domingo, 31 de julho de 2011

What do know about New York!

Well, It's "The Big Apple", the city I want to visit someday!
Come on, come true, New York!!
Look and Listen! Good journey!
It's up to you!
Leave a comment telling us what you know about NY.
Are you from there?
Have you ever been to New York City?
Where would like do go in New York?
Who would you like to be with?

sábado, 30 de julho de 2011

An advice from Shakespeare's "Hamlet"

Neither a borrower nor a lender be,
For loan oft loses both itself and friend,
And borrowing dulls the edge of husbandry.

William Shakespeare (Hamlet Act 1, scene 3, 75-77)

This is the advice that Polonius offers his son Laertes, who is about to embark for Paris for his gentleman's education. While he still has the chance, Polonius wholesales a stockroom of aphorisms, the most famous of which is "Neither a borrower nor a lender be."
Polonius like any dear father who wants to protect his son from the dangers of lending and borrowing, amongst other things, asks him to be wary of borrowing or lending money to a friend (entire text at the end of this piece).
On Polonius's terms, there is little to argue with in his perhaps ungenerous advice. His logic is thus: lending money to friends is risky, because hitching debt onto personal relationships can cause resentment and, in the case of default, loses the lender both his money and his friend. Borrowing invites more private dangers: it supplants domestic thrift ("husbandry")—in Polonius's eyes, an important gentlemanly value.
Incidentally, in the days when Hamlet was first staged, borrowing was epidemic among the gentry, who sometimes neglected husbandry to the point where they were selling off their estates piece by piece to maintain an ostentatious lifestyle in London.
For one, once you borrow money from a friend you feel obliged, under pressure to agree with whatever your friend says or does.
At times, you may oppose her/ his act, but in muffled tones. The sharpness of truth gets blunted under the pressure of debt.
I am not suggesting that your friend would expect obligation and obedience from you because of the money he/she lent to you but you would always feel indebted.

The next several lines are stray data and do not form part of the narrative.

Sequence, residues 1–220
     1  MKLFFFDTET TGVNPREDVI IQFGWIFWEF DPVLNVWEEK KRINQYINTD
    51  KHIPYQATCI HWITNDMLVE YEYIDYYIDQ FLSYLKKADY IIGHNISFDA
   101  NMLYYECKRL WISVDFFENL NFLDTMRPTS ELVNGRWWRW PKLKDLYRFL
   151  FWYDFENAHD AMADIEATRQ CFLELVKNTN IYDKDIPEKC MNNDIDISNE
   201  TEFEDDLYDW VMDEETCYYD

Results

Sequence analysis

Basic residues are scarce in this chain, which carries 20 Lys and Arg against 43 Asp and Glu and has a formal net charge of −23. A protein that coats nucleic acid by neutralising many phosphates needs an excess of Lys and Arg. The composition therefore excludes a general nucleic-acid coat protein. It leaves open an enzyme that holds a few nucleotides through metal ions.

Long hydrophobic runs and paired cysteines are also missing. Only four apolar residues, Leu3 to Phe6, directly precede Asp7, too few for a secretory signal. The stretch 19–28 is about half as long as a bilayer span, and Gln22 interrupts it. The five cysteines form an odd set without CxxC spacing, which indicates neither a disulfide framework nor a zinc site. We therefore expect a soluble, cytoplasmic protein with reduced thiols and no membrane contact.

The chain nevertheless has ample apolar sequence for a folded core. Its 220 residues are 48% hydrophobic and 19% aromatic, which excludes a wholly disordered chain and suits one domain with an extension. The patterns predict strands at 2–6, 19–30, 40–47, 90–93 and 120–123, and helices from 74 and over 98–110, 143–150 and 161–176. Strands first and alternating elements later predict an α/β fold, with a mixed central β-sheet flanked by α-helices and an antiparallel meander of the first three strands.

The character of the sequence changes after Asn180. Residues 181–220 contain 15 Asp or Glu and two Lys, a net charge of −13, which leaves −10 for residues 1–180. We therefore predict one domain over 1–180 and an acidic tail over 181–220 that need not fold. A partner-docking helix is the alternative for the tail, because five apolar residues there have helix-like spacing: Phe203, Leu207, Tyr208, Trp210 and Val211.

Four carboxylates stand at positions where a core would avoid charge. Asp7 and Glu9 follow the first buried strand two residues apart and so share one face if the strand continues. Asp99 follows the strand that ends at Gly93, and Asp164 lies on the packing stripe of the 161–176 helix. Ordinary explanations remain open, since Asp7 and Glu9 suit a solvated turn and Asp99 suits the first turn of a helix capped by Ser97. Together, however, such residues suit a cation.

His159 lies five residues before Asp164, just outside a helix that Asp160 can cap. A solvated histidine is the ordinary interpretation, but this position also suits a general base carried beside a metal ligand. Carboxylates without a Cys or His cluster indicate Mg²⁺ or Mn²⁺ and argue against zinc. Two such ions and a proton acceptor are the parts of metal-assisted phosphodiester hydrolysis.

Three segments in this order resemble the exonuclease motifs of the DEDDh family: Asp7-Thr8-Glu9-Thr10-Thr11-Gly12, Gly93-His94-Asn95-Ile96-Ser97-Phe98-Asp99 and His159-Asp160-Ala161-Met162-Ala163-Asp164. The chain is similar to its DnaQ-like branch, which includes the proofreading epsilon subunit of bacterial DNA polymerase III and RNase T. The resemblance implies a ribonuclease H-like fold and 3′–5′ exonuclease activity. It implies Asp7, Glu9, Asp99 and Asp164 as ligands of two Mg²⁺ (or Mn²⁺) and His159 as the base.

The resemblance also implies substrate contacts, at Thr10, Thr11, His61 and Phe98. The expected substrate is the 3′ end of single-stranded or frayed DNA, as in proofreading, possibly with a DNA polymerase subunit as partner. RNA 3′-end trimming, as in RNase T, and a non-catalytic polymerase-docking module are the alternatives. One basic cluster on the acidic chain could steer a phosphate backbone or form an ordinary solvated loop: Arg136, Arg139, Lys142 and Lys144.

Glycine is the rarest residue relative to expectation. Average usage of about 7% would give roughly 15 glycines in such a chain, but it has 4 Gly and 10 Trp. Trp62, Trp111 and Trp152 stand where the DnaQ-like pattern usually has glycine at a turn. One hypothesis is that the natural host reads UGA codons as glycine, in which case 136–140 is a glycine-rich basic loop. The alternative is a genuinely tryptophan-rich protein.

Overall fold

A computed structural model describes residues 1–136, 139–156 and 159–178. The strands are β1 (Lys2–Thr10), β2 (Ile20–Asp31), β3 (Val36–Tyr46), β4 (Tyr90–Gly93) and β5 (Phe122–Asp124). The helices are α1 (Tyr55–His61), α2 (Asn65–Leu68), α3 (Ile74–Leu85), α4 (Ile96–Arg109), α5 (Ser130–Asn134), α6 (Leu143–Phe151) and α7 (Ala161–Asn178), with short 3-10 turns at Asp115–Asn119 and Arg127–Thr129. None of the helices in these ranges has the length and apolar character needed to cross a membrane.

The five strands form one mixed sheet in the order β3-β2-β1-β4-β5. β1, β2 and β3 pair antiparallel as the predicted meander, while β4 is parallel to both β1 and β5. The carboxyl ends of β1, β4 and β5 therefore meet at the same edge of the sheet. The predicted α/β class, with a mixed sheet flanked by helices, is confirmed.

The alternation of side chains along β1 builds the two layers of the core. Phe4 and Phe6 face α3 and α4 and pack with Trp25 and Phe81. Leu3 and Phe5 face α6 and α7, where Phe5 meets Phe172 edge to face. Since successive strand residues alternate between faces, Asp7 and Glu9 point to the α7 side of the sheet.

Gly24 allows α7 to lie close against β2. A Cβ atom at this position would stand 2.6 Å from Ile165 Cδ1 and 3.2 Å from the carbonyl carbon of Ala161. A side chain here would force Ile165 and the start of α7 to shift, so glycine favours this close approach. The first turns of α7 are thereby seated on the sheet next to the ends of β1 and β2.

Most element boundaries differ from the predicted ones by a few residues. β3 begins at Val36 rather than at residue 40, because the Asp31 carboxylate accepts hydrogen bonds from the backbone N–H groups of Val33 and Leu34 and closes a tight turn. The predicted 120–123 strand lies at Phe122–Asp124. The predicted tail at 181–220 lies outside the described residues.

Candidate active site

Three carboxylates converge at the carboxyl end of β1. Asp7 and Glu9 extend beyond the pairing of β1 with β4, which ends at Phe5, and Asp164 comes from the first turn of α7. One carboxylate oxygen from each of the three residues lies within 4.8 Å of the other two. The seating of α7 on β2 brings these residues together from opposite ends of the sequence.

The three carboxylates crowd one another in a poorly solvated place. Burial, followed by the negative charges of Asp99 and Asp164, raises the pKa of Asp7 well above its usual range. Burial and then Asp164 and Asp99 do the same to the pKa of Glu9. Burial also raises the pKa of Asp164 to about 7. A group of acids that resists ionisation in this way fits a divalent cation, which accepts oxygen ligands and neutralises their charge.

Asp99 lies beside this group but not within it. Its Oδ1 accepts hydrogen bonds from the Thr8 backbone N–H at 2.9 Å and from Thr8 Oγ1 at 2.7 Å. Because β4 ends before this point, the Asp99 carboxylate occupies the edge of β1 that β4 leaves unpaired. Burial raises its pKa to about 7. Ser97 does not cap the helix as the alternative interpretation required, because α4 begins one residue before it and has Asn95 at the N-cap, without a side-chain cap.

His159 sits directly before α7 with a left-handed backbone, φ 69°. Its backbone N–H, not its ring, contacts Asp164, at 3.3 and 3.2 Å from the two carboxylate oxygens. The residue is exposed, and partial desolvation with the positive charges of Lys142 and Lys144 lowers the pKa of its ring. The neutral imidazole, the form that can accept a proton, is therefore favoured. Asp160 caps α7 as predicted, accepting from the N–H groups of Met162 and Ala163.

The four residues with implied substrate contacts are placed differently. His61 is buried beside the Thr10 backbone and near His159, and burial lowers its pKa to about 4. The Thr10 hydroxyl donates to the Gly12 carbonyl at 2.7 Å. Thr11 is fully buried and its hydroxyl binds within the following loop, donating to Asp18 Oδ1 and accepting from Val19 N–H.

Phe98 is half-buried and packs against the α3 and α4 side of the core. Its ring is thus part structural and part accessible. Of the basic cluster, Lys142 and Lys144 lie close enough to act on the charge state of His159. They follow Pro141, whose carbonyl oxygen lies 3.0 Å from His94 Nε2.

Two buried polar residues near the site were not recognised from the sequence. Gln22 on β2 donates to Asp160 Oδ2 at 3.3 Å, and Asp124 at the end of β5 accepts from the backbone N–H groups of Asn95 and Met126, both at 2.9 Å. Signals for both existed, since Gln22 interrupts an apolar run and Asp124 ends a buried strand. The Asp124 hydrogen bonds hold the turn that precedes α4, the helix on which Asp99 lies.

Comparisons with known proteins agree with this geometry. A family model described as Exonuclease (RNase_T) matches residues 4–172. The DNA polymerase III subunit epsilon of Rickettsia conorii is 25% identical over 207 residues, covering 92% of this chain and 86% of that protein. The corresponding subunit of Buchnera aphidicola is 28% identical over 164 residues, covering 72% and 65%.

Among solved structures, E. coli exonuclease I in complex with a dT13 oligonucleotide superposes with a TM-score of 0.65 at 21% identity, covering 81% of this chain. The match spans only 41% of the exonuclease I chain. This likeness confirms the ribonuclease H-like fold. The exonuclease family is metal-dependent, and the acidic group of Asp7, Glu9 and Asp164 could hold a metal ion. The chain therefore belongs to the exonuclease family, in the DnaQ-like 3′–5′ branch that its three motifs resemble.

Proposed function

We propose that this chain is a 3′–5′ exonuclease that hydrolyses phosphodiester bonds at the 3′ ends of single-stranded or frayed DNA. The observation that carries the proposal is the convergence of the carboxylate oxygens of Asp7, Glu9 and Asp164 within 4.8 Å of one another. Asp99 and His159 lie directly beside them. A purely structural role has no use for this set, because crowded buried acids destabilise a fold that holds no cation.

Every time you go out with your friend in a group you would feel you were being run down by your friend from whom you borrowed money. For instance, during a conversation if you say something and your friend begs to differ with you, you'd feel that your friend is trying to impose his ideas on you.
At times, you may be right, but more often than not, the thought that you borrowed money from her/him lingers on.
Gradually, it makes you feel miserable, inferior when you socialise with her/him in a group. You feel like making your point but stay silent, thinking your friend might feel offended. As time passes by you may not feel like going out with this friend, avoid meeting her/him, don't answer her/his phone calls.
This could continue till the time you repay what you had borrowed and get your voice and conscience back.
But, by then, your friend would have been stopped being your friend. When money comes in, friendship goes out.
The same scenario occurs when you lend money to your friend. But, as a lender, the shoe is in the other foot, and you feel wronged all the time by your friend.
For instance, when your friend, who has borrowed money from you, spends some amount on himself, the lender in you feels that your friend is being irresponsible.
"How can s/he spend money when the first thing s/he should have done is repay my money," the lender in you screams.
Everything else overrides this concern of a lender. Even your friendship that has been so dear to you for all the years you have been together before you lent money to your friend.
Though I have not lost the friend from whom I had borrowed money. I lost one to whom I lent. Earlier, we would laugh our hearts out over frivolous stuff even; today we avoid looking into each other's eyes.
Neither a borrower nor a lender be; for loan oft loses both itself and friend… how true!

To Thine Own Self Be True
Yet here, Laertes! Aboard, aboard for shame!
The wind sits in the shoulder of your sail,
And you are stay'd for.
There ... my blessing with thee!
And these few precepts in thy memory
Look thou character. Give thy thoughts no tongue,
Nor any unproportion'd thought his act.
Be thou familiar, but by no means vulgar.
Those friends thou hast, and their adoption tried,
Grapple them to thy soul with hoops of steel;
But do not dull thy palm with entertainment
Of each new-hatch'd, unfledg'd comrade.  Beware
Of entrance to a quarrel but, being in,
Bear't that th' opposed may beware of thee.
Give every man thy ear, but few thy voice;
Take each man's censure, but reserve thy judgement.
Costly thy habit as thy purse can buy,
But not express'd in fancy; rich, not gaudy;
For the apparel oft proclaims the man;
And they in France of the best rank and station
Are of a most select and generous chief in that.
Neither a borrower, nor a lender be;
For loan oft loses both itself and friend,
And borrowing dulls the edge of husbandry.
This above all: to thine own self be true,
And it must follow, as the night the day,
Thou canst not then be false to any man.
Farewell; my blessing season this in thee!
-- William Shakespeare

Have you lost a good friend because of your mistake and want to break the ice?
Tell us your story! 
See you!
Teacher Jô


sexta-feira, 29 de julho de 2011

Borrow, Lend, Loan

Hi, students!
What's the difference between borrow, lend, and loan? Two of them are synonyms and the third is the opposite - lend me your eyes and I'll tell you about them.